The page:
By Alex Crits-Christoph
By the week before the Phage Olympics, most of us had streaked our plaques, obtained our high titer lysates, isolated the phage DNA, and seen our phages using electron microscopy. However, there was a final, big step we all had to go through: gel electrophoresis.
DNA electrophoresis is a process used to separate and create a dyed visualization of DNA fragments. It can be used to gain a general picture of what the isolated phage DNA looks like, and how high quality the DNA prep is.
The first gel I did was a quality control (QC) gel. This test assesses the quality of your DNA sample. In preparation for this gel, first the DNA was rapidly heated, then cooled on ice. Then, 1 𝛍L of the DNA was first placed in a microcentrifuge tube, and 4 more 𝛍L of dye were added to the sample. This sample was then run on a gel for around 40 minutes. Here was an example of a QC gel (my sample is labeled ACC):
Higher quality samples should appear as a single band with little to no smearing. Because none of our samples that I know of exhibited a large amount of streaking, we all had pretty high quality DNA!
The second DNA electrophoresis I did was the restriction digest. This gel involved cutting up the DNA fragments into separate pieces using restriction enzymes. In preparation for this gel, I first incubated my DNA, then cooled it on ice, and then set up 6 different samples, each with 0.5 𝛍L DNA solution and a specific restriction enzyme in solution. These samples were quickly spun, and then incubated. They were then laid out in gel wells, and the gel was run for 30-45 minutes.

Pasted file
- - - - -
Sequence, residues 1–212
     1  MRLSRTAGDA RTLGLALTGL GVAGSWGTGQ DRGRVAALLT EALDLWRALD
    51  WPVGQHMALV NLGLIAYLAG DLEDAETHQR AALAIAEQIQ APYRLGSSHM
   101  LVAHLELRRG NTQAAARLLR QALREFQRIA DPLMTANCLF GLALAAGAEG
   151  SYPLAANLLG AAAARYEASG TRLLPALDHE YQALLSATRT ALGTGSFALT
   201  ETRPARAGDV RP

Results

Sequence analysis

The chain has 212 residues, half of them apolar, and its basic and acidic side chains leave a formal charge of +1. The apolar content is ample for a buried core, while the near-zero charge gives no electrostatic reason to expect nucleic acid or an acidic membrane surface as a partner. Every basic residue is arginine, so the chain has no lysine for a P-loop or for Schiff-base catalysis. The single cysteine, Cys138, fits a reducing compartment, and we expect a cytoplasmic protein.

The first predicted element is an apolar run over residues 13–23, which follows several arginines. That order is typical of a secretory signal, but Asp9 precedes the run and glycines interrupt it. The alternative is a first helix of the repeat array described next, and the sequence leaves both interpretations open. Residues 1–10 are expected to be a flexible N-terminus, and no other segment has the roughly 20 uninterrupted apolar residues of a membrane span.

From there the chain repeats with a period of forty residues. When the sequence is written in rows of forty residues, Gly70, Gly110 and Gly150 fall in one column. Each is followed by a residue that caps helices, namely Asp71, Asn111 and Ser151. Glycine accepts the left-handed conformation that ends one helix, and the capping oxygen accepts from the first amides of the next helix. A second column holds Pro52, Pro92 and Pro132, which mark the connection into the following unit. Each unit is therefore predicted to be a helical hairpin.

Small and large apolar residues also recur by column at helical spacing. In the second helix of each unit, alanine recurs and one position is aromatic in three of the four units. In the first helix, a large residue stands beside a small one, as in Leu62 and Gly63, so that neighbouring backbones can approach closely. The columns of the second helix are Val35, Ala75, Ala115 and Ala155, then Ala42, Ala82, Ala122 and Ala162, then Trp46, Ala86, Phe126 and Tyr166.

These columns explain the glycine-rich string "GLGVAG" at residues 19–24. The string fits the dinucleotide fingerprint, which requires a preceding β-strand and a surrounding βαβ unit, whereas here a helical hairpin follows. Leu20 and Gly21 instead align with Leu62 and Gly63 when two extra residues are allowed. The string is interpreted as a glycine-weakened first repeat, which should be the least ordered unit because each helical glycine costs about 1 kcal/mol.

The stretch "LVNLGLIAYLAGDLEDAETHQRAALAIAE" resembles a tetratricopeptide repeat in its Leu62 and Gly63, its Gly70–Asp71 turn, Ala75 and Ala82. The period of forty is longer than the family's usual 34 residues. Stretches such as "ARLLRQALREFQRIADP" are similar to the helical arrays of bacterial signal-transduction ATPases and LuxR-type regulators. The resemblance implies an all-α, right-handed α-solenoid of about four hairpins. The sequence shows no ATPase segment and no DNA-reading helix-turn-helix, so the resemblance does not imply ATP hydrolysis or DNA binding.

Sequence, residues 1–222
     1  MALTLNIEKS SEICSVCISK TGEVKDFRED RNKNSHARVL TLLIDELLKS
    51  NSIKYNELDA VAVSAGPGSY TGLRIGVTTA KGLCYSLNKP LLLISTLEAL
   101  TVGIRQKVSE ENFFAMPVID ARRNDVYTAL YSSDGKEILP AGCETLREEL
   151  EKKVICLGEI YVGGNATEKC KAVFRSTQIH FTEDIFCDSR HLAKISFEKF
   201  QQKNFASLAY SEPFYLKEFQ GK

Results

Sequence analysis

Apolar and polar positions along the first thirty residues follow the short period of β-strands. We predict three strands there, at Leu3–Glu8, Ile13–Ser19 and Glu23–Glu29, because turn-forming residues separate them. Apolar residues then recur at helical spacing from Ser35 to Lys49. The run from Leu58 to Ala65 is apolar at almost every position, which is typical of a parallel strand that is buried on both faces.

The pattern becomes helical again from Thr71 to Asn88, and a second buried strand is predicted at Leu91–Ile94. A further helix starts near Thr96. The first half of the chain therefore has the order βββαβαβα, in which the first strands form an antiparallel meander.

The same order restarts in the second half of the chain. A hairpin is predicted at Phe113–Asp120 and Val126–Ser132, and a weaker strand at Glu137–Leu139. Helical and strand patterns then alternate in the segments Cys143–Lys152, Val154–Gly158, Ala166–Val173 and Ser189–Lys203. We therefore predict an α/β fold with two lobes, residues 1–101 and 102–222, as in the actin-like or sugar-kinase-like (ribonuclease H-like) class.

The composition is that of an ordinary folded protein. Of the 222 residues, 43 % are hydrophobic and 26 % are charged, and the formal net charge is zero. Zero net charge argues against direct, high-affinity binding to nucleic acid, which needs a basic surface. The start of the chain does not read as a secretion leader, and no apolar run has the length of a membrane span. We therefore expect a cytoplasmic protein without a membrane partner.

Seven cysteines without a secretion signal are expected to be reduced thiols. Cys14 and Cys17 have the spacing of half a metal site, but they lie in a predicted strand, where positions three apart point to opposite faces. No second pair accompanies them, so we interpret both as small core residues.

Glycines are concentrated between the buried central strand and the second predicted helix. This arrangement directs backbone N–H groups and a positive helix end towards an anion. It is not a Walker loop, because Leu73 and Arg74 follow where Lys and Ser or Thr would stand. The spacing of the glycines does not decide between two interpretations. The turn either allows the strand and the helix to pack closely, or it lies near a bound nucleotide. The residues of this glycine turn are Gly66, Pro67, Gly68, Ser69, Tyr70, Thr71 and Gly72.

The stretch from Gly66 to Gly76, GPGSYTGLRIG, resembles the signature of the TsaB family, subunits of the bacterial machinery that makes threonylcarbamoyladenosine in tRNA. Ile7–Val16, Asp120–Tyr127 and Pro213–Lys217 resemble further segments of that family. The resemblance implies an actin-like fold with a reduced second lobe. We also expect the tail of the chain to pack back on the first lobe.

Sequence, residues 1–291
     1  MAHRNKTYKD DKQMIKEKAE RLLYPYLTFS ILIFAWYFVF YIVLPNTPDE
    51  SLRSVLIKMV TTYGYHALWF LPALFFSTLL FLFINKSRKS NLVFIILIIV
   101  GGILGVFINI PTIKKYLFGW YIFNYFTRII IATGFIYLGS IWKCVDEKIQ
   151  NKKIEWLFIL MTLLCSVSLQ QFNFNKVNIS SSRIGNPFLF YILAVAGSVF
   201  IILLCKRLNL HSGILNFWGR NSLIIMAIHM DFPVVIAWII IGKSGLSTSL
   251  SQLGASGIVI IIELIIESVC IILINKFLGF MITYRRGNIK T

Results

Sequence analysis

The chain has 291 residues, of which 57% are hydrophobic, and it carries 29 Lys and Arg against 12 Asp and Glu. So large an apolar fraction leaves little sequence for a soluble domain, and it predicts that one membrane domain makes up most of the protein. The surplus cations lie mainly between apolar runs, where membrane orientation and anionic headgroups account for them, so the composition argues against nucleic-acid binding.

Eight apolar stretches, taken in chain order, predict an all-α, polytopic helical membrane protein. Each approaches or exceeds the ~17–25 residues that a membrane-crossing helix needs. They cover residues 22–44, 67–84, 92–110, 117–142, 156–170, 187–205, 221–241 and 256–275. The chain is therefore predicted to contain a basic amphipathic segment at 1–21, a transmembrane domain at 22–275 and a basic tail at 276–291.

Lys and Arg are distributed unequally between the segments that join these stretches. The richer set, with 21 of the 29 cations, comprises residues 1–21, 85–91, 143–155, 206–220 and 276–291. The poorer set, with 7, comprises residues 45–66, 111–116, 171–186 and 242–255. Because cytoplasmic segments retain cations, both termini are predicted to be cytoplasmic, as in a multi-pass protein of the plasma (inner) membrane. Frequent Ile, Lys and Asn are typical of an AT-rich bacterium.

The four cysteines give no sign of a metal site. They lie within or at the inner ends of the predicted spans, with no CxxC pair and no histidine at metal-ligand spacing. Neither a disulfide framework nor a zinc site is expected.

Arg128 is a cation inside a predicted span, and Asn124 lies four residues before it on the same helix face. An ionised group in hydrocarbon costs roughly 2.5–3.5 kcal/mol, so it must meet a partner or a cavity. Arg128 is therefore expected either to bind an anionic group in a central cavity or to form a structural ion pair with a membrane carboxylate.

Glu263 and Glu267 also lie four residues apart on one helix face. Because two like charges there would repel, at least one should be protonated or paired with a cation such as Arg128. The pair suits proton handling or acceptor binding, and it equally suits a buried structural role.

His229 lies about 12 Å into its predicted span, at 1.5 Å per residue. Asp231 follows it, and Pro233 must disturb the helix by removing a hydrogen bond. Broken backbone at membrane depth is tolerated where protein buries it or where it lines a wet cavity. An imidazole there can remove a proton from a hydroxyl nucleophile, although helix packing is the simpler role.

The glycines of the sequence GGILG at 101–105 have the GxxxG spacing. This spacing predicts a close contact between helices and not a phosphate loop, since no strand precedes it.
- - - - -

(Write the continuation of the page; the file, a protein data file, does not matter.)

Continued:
How did it turn out? Pictured below is my gel electrophoresis:
Now, the restriction digest is used to compare the genetic content of an unknown — in this case, my phage — to several knowns in order to find a match or similar phage. Based on what I already knew (my phage was probably in cluster C), I took a look at some virtual images of digests from the phage database. I found some which were close, pictured below:
However, the restriction digest certainly doesn’t tell you everything there is to know: it just a part of the larger phage picture!